A MUST read for wannabe teachers

If you’re considering becoming a teacher you will find the following information somewhat negative or difficult to comprehend. The new government have not only capped the number of teacher trainee places available, particularly for secondary subjects, but new regulations state you must obtain a second class honours degree to even be eligible for training; that means around 60% minimum as an entry requirement.

Secondly, the TDA are encouraging more men into the primary workplace, which could mean effectively fewer places available for women. Is this sexist? No. We need to balance the genders. This is why the undergraduate Student Associate Scheme, where you get paid £40 a day to work in a primary school, is open to men only. So in the near future it seems you are going to be more successful in finding a teacher training position than if you are female. That’s sexist? No, just ethically right to balance the genders for the purpose of equality.

Thirdly, START SAVING NOW! Bursaries for trainee places have been scrapped unless you study engineering, maths, science of languages. So there is now less student finance available for PGCE applicants.

If you apply for teacher training/PGCE after 2012, you will face fees of between £7,000 – £9,000 per year, PLUS any maintenance grant you are entitled to. Teaching is slowly becoming as expensive as a law degree, and remember – this is ON TOP of your student loan for an undergraduate degree.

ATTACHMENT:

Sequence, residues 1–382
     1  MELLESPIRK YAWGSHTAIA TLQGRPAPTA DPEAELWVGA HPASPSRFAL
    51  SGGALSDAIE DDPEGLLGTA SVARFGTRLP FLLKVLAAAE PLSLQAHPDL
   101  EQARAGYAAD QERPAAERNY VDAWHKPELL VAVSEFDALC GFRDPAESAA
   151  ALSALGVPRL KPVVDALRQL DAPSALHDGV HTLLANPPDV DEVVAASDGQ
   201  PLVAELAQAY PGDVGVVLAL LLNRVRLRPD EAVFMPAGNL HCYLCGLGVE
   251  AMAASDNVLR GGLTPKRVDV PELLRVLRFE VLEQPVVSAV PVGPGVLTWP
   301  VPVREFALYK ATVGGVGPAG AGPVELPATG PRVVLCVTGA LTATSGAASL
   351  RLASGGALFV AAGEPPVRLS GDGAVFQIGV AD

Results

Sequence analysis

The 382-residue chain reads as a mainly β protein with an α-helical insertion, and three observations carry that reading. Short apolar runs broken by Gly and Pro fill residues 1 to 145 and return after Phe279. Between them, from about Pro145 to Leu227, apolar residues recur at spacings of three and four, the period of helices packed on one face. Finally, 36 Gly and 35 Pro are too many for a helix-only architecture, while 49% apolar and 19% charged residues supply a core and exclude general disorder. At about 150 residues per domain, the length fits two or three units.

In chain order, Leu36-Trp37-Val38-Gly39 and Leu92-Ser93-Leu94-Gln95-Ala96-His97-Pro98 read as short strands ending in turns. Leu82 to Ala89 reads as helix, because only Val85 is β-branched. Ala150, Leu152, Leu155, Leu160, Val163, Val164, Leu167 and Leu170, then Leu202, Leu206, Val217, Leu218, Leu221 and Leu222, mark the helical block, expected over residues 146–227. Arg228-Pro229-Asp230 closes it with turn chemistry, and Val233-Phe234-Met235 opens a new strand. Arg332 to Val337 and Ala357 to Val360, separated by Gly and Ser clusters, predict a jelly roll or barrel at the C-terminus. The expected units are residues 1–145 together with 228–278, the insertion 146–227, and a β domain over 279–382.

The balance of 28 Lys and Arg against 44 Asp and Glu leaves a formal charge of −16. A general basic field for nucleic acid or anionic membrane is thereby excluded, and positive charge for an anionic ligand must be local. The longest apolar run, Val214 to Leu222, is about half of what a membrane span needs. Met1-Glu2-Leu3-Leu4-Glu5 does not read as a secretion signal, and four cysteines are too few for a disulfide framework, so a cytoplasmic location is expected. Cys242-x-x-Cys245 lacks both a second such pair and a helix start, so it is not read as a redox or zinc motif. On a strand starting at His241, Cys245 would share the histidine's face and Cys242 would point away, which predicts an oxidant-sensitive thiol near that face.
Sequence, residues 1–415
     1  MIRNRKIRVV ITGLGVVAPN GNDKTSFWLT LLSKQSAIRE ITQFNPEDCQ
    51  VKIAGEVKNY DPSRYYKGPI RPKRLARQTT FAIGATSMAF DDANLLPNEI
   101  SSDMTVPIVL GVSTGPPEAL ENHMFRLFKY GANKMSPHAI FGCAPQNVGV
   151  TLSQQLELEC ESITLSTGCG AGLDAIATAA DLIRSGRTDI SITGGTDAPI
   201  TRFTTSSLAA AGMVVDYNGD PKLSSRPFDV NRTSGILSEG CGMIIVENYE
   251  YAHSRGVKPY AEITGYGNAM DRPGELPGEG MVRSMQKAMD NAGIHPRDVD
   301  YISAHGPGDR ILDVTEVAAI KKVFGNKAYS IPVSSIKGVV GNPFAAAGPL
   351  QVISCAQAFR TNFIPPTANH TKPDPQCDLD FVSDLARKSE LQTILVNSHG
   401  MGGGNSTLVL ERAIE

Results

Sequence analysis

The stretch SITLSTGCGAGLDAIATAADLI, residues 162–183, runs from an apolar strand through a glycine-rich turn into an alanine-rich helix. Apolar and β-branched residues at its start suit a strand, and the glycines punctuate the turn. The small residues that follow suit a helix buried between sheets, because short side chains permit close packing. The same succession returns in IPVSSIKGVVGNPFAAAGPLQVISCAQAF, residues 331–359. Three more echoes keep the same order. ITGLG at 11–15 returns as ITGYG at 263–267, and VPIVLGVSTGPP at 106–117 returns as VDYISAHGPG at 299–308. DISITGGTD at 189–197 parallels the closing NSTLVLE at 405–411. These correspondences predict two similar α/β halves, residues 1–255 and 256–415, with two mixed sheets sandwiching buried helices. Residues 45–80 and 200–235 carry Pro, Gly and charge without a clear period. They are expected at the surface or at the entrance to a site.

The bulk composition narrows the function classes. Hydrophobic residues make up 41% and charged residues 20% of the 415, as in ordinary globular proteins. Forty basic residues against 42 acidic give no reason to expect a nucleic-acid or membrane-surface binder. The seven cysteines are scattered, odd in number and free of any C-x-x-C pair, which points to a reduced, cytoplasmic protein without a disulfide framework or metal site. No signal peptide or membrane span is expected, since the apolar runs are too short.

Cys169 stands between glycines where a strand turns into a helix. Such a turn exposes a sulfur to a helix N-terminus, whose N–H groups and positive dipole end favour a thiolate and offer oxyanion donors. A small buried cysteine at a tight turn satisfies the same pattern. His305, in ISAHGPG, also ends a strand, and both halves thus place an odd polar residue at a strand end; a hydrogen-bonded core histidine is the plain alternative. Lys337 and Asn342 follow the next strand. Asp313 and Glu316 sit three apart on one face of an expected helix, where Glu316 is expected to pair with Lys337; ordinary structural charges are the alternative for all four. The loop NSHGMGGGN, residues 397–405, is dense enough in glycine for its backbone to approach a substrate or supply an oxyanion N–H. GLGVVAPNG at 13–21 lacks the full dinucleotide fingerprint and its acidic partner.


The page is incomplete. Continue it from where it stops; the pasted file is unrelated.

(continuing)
So let’s say you have a loan of £15,000 – if loans increase you could be paying back £25,000 upon graduation!

Best piece of advice – make sure it’s what you want to do, teaching is a super-demanding profession which requires good English, maths and science, and a dedication to helping others. Paperwork can be immense and it is a lifestyle, not a career.


About Cuts, News and Views

The site’s author is a student at the Birmingham School of Media and a journalist for both Birmingham Budget Cuts and Sony Music Entertainment. He is a PR consultant as well as having worked for the BBC. The author also contributes on a freelance basis to The Times and The Guardian. Dean Hill is a member of The Chartered Institute of Public Relations.

Posted on May 11, 2011, in Uncategorized. Bookmark the permalink. 2 Comments.

  1. What about interest repayments? My understanding is that the new loans have much higher interest rates, so the actual amount to be repaid is significantly higher by the time graduates start – and finish – paying.

  2. Very true, Paul. But it’s staggering how much a teaching career costs compared to several years ago

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